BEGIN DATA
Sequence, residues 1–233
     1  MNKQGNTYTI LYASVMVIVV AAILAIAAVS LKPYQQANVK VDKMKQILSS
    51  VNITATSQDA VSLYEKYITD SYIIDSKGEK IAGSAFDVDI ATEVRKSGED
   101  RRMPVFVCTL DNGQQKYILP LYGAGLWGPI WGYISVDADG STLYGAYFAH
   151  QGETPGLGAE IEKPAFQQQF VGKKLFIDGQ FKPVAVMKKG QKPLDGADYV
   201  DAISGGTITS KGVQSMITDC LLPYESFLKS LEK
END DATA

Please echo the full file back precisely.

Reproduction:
Sequence, residues 1–233
     1  MNKQGNTYTI LYASVMVIVV AAILAIAAVS LKPYQQANVK VDKMKQILSS
    51  VNITATSQDA VSLYEKYITD SYIIDSKGEK IAGSAFDVDI ATEVRKSGED
   101  RRMPVFVCTL DNGQQKYILP LYGAGLWGPI WGYISVDADG STLYGAYFAH
   151  QGETPGLGAE IEKPAFQQQF VGKKLFIDGQ FKPVAVMKKG QKPLDGADYV
   201  DAISGGTITS KGVQSMITDC LLPYESFLKS LEK